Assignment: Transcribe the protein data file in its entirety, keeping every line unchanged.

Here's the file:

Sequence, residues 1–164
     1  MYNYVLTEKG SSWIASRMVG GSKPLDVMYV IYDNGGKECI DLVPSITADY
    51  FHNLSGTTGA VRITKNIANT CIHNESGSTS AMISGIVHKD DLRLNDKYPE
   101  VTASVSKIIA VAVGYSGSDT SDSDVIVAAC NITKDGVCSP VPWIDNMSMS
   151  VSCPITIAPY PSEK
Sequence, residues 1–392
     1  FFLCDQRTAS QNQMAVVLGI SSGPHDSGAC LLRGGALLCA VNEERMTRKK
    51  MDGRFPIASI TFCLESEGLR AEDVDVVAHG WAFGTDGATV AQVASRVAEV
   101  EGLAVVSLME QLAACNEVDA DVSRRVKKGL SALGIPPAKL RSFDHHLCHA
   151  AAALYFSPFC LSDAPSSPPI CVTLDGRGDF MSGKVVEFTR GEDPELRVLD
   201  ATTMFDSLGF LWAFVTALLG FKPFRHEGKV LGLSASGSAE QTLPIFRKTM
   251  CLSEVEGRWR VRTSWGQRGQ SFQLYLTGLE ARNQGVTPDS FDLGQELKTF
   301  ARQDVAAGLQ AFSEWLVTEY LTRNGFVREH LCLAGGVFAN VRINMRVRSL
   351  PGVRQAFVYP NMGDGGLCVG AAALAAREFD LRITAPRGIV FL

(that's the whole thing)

Sequence, residues 1–164
     1  MYNYVLTEKG SSWIASRMVG GSKPLDVMYV IYDNGGKECI DLVPSITADY
    51  FHNLSGTTGA VRITKNIANT CIHNESGSTS AMISGIVHKD DLRLNDKYPE
   101  VTASVSKIIA VAVGYSGSDT SDSDVIVAAC NITKDGVCSP VPWIDNMSMS
   151  VSCPITIAPY PSEK
Sequence, residues 1–392
     1  FFLCDQRTAS QNQMAVVLGI SSGPHDSGAC LLRGGALLCA VNEERMTRKK
    51  MDGRFPIASI TFCLESEGLR AEDVDVVAHG WAFGTDGATV AQVASRVAEV
   101  EGLAVVSLME QLAACNEVDA DVSRRVKKGL SALGIPPAKL RSFDHHLCHA
   151  AAALYFSPFC LSDAPSSPPI CVTLDGRGDF MSGKVVEFTR GEDPELRVLD
   201  ATTMFDSLGF LWAFVTALLG FKPFRHEGKV LGLSASGSAE QTLPIFRKTM
   251  CLSEVEGRWR VRTSWGQRGQ SFQLYLTGLE ARNQGVTPDS FDLGQELKTF
   301  ARQDVAAGLQ AFSEWLVTEY LTRNGFVREH LCLAGGVFAN VRINMRVRSL
   351  PGVRQAFVYP NMGDGGLCVG AAALAAREFD LRITAPRGIV FL